The Court: The criminal case for today is Cause No. 94-1081-CR, the State of Texas vs. Marcos Gutierrez.
Mr. Kirkendall: The State is ready, Your Honor.
Mr. Cortes: Defendant is ready, Your Honor.
The Court: Is the defense ready?
Mr. Cortes: We're ready to proceed.
The Court: We're here on a hearing on your motion for change of venue. Is that correct?
Mr. Cortes: I would object to the proceeding as far as that is concerned, Your Honor. My understanding is that my change of venue was denied a couple of times on the record on Tuesday.
The Court: Okay. Now, do you want a hearing?
Mr. Cortes: No, Your Honor. I don't want a hearing.
The Court: We're on the record now, sir. And what I'm concerned about is-if you want a hearing, this is your opportunity.
Mr. Cortes: I will object to the proceedings on the motion for new trial, especially in light of Stapleton v. State, 565 S.W.2d 532, which indicates that as a matter of law, I would have been entitled to a change of venue if the State did not present controverting affidavits or evidence controverting my motion, which was not done. My motion was denied without any evidence or, essentially, a hearing.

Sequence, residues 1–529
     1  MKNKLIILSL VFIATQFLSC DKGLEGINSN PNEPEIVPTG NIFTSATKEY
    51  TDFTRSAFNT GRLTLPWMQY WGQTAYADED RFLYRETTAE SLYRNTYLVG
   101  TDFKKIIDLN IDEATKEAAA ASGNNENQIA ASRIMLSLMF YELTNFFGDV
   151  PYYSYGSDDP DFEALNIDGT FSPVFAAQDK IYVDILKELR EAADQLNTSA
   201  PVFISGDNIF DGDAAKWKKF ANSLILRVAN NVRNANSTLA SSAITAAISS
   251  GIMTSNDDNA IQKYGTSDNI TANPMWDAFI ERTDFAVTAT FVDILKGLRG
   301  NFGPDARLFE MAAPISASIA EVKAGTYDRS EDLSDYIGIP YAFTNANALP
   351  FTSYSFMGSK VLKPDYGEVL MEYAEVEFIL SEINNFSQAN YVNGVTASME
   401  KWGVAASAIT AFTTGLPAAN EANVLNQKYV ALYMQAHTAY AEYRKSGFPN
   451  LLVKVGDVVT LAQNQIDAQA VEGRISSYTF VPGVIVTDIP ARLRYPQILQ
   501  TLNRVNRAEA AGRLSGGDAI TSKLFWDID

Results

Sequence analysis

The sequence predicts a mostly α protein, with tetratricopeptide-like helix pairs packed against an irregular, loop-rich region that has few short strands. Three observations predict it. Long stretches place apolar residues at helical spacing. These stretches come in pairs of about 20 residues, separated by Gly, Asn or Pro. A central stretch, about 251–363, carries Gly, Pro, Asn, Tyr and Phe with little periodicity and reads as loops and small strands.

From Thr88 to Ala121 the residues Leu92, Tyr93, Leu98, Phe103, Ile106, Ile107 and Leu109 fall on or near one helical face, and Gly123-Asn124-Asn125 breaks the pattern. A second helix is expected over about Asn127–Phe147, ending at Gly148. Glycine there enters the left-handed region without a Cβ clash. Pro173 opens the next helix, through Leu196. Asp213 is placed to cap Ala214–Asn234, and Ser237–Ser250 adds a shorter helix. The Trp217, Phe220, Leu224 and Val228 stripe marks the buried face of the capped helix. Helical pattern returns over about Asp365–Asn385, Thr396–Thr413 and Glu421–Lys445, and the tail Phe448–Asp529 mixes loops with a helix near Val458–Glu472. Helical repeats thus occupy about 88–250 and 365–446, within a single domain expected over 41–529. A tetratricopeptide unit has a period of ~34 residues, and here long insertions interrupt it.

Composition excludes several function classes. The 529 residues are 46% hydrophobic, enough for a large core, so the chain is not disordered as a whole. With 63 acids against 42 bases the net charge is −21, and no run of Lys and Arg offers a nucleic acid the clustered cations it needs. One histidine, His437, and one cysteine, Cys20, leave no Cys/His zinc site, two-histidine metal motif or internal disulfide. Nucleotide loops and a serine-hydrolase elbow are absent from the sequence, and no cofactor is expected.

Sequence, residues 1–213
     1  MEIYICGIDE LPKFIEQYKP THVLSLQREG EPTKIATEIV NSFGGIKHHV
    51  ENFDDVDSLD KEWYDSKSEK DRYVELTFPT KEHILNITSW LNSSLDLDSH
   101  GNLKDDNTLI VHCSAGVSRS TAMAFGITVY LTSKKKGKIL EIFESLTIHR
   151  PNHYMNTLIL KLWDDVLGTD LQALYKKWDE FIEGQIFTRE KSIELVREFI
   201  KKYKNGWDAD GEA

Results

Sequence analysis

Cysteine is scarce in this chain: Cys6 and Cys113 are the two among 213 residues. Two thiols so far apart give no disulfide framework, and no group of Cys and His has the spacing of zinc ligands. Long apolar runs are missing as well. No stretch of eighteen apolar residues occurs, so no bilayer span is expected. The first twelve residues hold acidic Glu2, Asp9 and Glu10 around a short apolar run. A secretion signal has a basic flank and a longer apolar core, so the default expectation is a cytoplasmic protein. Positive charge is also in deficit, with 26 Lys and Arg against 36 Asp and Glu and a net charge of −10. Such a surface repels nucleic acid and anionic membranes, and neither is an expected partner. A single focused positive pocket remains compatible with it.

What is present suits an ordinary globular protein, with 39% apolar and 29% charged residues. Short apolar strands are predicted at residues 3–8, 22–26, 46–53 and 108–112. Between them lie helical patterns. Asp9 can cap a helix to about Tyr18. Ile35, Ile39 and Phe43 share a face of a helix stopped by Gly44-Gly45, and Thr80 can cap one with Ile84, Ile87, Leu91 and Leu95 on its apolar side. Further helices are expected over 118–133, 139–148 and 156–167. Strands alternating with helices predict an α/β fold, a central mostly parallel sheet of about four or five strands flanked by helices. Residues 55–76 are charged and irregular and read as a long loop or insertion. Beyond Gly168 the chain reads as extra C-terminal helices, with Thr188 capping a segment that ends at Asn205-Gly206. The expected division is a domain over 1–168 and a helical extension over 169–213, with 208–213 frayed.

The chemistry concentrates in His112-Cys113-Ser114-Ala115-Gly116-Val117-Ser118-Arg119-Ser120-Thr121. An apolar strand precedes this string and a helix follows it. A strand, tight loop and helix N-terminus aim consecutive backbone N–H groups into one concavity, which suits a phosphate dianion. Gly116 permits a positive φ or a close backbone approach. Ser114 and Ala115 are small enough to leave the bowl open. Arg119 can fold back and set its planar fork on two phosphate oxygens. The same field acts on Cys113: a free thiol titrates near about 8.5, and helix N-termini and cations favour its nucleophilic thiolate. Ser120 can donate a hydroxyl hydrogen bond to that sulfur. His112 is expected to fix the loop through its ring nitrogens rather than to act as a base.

Mr. Kirkendall: Your Honor, just so the record is complete, Counsel did not file a motion for change of venue through three pretrials and one pretrial conference and shows up the day of trial with a motion for change of venue.
The Court denied it based on, I assume, our objection which- it was late filed. It was not filed more that seven days before the pretrial hearing. Then, when the Court granted the continuance, which was the other motion, the Court set this hearing for today. We, subsequently, properly filed controverting affidavits, which I assume Counsel has received.
The State is ready. I have my witnesses on standby. I have one conflict at 9:30; and I would like to be excused to go to that because it was prior scheduled, and some people are coming in from out of state. But other than that, the State is ready to go this morning.
The Court: All right.
Mr. Cortes: The change of venue issue is a constitutional issue. I can raise it anytime before I announce ready for trial, which I did.
Again, it was denied. It was not set for a hearing. And subject to the hearing, maybe it would be denied. It was denied without a hearing and without controverting affidavits. The denial was not based on anything other than-